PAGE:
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DHL Global Forwarding’s strong first quarter has buoyed the division’s hopes for the year, with expectations of continued growth.
Profit climbed 42.9% in the three months to April, and chief executive of the Americas David Goldberg (pictured above) told The Loadstar the company continued to see good volumes.
He said: “We have been successful in implementing new systems and are in the process of bringing in a number of new customers.”
One of the new systems brought online is its DHLi Quote & Book tool for air and ocean shipments.
Initially focused on air and ocean freight, DHLi provides quotes and bookings 24/7, covering door-to-door shipments, and provides comparisons between the operator’s services.
“We have started with air and ocean as these are our core products, and we have seen a good uptake by customers,” said Mr Goldberg. “It provides quicker flows and meets customer demand for bookings with fewer interventions and greater visibility.”
The service covers 60 countries and there is an expectation that number will increase soon, but unlike many of its competitors, DHL GF opted to develop the service in-house.
Chief executive Tim Schwarth claimed it was the market’s “most user-friendly” system, but has not revealed when it would be rolling it out for road customers.
Road has proved a difficult transport mode in recent years – both in the US and elsewhere – amid an ever-worsening driver shortage.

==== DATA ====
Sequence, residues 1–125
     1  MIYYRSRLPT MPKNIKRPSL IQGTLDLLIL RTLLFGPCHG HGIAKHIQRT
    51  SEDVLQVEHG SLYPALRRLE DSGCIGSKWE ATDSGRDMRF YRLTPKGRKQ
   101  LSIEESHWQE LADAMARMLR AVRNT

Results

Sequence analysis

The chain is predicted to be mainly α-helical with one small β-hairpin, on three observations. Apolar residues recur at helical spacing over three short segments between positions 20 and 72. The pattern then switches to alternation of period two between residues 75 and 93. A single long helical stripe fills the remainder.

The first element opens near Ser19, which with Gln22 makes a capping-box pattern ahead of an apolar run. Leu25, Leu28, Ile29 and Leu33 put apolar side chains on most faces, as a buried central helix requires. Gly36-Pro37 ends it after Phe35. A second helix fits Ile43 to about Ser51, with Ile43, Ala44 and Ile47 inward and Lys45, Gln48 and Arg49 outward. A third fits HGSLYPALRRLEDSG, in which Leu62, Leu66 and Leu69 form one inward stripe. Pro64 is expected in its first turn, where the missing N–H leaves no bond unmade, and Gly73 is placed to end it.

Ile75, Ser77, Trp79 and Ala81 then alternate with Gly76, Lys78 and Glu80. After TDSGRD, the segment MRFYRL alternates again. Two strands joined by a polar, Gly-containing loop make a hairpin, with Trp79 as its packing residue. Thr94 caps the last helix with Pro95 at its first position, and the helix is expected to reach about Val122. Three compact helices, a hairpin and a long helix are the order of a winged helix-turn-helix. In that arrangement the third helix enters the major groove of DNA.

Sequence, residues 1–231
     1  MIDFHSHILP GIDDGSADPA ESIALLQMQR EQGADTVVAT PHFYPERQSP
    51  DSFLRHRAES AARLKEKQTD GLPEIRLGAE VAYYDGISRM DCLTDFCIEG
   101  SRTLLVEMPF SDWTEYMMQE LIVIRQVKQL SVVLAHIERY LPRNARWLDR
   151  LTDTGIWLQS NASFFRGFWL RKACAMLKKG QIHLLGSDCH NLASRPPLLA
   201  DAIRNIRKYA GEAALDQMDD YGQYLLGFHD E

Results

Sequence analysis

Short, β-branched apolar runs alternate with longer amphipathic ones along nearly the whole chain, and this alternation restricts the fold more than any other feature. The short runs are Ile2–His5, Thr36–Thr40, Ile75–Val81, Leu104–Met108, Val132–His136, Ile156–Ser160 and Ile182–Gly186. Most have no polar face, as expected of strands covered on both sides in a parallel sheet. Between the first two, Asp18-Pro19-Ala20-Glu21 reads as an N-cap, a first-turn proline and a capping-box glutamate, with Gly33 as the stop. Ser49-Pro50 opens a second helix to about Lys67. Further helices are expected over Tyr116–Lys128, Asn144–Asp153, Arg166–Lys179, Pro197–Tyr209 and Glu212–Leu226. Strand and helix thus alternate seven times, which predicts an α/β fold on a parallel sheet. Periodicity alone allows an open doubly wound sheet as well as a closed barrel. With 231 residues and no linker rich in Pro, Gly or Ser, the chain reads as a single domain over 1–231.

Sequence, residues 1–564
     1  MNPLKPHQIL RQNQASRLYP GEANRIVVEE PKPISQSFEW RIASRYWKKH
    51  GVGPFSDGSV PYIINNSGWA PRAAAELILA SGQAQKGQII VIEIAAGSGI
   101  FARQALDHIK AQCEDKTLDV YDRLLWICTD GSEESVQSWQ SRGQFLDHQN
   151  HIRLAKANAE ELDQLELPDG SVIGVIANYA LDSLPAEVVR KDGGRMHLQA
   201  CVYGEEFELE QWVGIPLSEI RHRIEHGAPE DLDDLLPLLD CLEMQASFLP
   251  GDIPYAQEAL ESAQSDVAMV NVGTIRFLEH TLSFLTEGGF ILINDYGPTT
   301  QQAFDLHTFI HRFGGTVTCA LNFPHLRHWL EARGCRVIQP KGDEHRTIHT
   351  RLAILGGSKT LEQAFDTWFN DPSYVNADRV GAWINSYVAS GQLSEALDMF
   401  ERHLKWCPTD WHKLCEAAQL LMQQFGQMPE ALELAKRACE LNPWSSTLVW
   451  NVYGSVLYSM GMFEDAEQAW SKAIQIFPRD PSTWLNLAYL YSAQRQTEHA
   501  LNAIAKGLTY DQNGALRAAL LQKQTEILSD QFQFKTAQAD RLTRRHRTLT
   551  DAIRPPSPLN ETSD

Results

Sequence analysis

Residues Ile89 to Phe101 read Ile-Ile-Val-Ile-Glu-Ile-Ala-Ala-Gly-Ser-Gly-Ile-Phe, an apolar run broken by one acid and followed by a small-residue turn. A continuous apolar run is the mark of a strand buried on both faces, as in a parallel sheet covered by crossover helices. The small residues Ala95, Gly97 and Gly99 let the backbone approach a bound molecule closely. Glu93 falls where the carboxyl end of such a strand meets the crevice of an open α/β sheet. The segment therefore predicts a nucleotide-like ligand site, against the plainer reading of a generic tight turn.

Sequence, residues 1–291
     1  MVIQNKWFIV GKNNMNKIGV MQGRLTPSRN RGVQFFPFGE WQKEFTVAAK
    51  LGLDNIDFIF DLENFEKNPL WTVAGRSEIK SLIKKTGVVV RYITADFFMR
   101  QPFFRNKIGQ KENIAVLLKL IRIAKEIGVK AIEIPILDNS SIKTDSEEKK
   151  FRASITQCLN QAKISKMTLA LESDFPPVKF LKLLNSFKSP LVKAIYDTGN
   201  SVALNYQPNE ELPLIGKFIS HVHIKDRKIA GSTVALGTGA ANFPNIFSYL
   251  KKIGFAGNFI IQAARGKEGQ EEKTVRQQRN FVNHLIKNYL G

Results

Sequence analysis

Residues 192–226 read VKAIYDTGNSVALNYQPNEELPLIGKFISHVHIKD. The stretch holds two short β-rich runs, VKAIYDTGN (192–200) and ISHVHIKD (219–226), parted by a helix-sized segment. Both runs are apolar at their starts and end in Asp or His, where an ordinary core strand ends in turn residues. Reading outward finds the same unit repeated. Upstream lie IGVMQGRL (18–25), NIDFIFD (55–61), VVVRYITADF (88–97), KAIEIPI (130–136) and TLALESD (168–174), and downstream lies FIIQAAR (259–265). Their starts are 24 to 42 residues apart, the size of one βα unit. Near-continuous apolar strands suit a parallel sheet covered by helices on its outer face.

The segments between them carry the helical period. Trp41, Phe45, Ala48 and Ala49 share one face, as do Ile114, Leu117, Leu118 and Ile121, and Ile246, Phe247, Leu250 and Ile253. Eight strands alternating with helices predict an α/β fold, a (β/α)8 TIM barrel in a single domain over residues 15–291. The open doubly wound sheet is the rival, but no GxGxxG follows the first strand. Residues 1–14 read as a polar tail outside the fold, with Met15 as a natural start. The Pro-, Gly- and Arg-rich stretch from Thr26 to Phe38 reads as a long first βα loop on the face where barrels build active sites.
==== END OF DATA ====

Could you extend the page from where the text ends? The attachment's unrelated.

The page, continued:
“And rail is equally as challenging here in North America,” said Mr Goldberg. “I would say, certainly in some instances, that this is a problem of infrastructure, which has only worsened with the exponential volume increases rail keeps seeing.”
In an effort to safeguard itself against the dearth of US truckers, Walmart announced it would be raising driver salaries to tempt more entrants into the workforce. But while Mr Goldberg understood the logic, he questioned whether money was the main reason for the decline in driver numbers.
“I don’t think it is just a case of paying more; we are seeing older drivers retiring and younger people don’t see it as an attractive industry,” he said. “They don’t want to live in a cabin, so I think what’s needed is an intervention by the industry to make it more attractive, and maybe change the way it operates.
One suggestion he makes is that rather than having one driver cover hundreds of miles, a series of handovers be employed. This, he said, would allow some drivers to hand-off the truck and get back home for the night.
“Getting trucks is certainly remaining difficult,” added Mr Goldberg. “These issues lead customers to seek diversification within their supply chains, just as we saw after the west coast port strikes and the changes in strategy they brought.”